Mary Catherine Swanson Credential 1967, Board of Advisors member
“Teachers don’t understand the power they have. They need to know.”
March 2010 – Challenging the school system was not what she intended. Mary Catherine Swanson created the AVID (Advancement Via Individual Determination) program in 1980 because she thought it was right for her students.
Never in her wildest dreams did Swanson envision AVID today impacting more than 400,000 low-income and under-served students in nearly 4,500 schools in 45 states and 16 countries. And counting.
In recognition of her prominent career as an educator and innovator, the UC Davis Cal Aggie Alumni Association has honored Swanson with the 2010 Distinguished Achievement Award.
“What a complete surprise,” said Swanson. “It really means something to receive this honor from my peers who know my work intimately. It’s the best recognition I could possibly have.”
Discovering UC Davis … And Her Calling
Born and raised in the small town of Kingsburg, California, Swanson went to college in the Bay Area to make it big in journalism. Her father, a newspaper publisher, advised her to think about teaching English instead. “I wanted to write hard news,” Swanson recalled, “but I realized I had to be realistic as a woman in the 1960s. As a summer intern at the San Francisco Chronicle, the most I ever got to do was obituary research.”
Keeping her options open, Swanson pursued a double major in English and journalism, taking classes at both UC Berkeley and San Francisco State University. Her high school sweetheart, Tom Swanson (BS ’67, MS ’69), would visit her often from his UC Davis campus and marvel at how different their college environments were.
“Berkeley and San Francisco were hotbeds in the ‘60s,” Swanson said. “Students were on drugs and passing out in class. Riot police were on campus with rifles. Professors and students were often jailed for protests. It was not the best education. It was survival.”
“I took Tom to my senior prom, which was formal dress at the San Francisco Fairmont Hotel. Then he took me to his senior prom at the Davis gym—a barn—where at one point everyone joined hands in a circle and did the Bossy Cow-Cow cheer!”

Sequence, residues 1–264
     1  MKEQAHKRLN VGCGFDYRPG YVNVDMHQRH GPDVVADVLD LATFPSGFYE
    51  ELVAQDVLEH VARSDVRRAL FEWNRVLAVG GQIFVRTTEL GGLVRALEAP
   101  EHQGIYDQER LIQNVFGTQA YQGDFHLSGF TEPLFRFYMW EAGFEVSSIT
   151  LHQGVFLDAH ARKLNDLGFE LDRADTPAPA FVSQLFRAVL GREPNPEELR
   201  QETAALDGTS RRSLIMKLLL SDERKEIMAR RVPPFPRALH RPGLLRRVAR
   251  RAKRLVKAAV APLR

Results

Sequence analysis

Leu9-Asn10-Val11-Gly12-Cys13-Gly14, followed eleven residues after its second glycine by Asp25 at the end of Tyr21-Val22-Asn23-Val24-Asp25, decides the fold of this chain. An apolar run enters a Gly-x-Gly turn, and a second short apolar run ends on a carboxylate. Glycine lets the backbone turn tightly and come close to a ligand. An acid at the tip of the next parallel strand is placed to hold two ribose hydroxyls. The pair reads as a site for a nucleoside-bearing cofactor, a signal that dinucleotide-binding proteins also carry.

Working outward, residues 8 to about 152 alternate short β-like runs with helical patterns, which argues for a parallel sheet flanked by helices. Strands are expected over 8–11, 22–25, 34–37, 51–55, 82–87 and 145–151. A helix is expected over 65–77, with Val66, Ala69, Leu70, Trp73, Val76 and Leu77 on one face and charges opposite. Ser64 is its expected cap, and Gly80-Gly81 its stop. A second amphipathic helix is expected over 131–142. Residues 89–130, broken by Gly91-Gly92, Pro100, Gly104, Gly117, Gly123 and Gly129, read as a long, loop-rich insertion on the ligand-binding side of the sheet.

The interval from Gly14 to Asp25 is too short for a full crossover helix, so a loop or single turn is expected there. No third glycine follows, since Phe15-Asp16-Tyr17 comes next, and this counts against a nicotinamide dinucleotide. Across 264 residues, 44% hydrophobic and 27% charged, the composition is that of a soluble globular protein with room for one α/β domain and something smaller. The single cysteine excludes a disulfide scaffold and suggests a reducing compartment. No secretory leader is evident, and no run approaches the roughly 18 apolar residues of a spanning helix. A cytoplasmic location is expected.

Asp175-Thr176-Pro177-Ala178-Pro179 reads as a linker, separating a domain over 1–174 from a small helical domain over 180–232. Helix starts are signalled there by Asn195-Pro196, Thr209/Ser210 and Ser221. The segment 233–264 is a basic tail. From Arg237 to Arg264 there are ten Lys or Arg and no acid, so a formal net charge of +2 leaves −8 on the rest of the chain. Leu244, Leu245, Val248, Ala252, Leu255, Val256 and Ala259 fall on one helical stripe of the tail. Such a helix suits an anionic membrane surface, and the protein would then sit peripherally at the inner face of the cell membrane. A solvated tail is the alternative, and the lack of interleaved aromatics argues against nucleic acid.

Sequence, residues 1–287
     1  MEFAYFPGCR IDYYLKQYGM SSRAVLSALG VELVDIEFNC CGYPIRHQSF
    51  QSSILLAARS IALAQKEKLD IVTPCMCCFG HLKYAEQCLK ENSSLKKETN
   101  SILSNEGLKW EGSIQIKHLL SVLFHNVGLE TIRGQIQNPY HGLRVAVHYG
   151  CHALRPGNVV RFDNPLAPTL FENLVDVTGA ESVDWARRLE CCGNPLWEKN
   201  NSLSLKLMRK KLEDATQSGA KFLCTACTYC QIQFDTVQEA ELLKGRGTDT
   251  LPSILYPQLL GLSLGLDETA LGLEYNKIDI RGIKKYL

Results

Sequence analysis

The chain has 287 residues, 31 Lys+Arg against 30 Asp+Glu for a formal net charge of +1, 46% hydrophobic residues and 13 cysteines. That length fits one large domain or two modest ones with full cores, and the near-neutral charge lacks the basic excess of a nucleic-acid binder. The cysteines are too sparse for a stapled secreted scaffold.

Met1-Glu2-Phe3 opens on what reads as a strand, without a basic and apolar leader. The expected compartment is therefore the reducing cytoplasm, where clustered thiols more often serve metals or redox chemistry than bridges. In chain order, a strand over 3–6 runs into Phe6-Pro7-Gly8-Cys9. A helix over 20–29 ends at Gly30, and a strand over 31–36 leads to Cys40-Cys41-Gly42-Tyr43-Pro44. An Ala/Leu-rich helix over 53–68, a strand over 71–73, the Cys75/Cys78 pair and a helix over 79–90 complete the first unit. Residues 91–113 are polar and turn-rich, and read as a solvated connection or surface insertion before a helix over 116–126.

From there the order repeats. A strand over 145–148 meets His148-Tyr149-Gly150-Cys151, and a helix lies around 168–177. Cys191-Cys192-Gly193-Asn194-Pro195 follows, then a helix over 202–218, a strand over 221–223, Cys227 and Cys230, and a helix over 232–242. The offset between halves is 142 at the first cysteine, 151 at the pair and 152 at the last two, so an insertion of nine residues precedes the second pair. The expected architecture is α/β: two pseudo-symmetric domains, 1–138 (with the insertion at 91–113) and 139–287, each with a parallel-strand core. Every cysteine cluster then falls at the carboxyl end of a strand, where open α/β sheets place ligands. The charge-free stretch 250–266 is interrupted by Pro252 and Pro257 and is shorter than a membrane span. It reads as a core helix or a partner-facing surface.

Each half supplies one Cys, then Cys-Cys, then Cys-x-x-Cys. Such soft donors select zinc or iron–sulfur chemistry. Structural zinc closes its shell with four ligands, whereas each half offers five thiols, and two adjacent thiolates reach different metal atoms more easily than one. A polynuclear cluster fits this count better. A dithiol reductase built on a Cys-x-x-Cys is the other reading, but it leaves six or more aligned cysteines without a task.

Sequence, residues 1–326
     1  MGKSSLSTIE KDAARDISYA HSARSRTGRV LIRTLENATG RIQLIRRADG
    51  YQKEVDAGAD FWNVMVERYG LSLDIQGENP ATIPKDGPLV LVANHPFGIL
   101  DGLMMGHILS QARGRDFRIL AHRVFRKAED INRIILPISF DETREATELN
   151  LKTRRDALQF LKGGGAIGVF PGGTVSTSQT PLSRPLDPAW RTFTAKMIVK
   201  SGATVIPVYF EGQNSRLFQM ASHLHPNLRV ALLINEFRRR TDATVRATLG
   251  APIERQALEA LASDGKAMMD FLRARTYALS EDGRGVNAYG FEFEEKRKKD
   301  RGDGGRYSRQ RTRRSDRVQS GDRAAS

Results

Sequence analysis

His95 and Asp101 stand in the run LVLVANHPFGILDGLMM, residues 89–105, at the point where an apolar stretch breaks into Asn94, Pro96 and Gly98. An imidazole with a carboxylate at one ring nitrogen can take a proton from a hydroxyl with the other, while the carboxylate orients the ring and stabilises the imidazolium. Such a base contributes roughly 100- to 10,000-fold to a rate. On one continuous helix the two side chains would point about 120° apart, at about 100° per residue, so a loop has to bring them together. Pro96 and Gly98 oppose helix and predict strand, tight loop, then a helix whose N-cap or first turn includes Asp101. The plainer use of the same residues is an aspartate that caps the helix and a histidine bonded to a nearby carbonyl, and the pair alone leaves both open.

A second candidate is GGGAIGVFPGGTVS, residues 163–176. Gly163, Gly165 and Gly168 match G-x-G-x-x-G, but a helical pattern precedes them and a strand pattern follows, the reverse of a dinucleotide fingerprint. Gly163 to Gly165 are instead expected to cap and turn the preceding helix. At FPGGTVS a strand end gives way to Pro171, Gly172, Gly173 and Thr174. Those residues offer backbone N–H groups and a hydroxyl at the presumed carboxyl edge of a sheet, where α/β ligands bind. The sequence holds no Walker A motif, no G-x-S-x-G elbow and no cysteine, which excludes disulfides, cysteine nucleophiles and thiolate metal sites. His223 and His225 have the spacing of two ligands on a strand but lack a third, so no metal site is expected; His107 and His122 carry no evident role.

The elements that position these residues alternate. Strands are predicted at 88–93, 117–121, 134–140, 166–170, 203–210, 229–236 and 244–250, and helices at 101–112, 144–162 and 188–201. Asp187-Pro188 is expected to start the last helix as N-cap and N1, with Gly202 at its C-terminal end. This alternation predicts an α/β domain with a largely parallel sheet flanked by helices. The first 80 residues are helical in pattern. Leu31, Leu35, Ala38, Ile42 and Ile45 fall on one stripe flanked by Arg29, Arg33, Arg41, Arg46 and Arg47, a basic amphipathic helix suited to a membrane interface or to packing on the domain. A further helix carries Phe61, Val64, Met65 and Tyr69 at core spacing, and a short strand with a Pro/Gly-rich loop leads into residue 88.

Swanson was drawn to the Davis campus. With her father’s encouragement, a clear path took shape when she graduated. Even though she had a prestigious national fellowship lined up for Columbia University graduate studies in New York, Swanson instead married and enrolled in the UC Davis teaching credential intern program in the summer of 1966. She taught full-time at nearby Woodland High School while taking her credential classes.
Swanson said the teaching credential program “wasn’t theoretical, it was very practical application” as her Davis supervisors coached her in real teaching situations at the high school and engaged in “really rich ways to run things” with her intern program cohort. Swanson enjoyed the access and connection with her Woodland mentors as well, often going early to school to query a classroom teacher whom she admired.
During that first year of teaching, Swanson knew she had found her calling. “I told my husband that I loved teaching so much, I would do it paid or not,” she said. “Tom was in grad school and very supportive, but he asked me to please remember to pick up my paycheck!”
After one year at Woodland High School, Swanson taught English and journalism at Armijo High School in Fairfield and at Moreno Valley High School in Sunnymead. She landed at San Diego’s Clairemont High School in 1970 and taught there for 17 years, eventually rising to chair the English department.
It was during her years at Clairemont that Swanson’s idea for AVID was born. In 1980 the school, which had previously served a student body that was 98 percent white, prepared for an influx of 500 minority students who were ordered bused to Clairemont by the courts. Clairemont quickly moved to create “special” or remedial classes for the new students, the bulk of whom were two or more years behind grade level.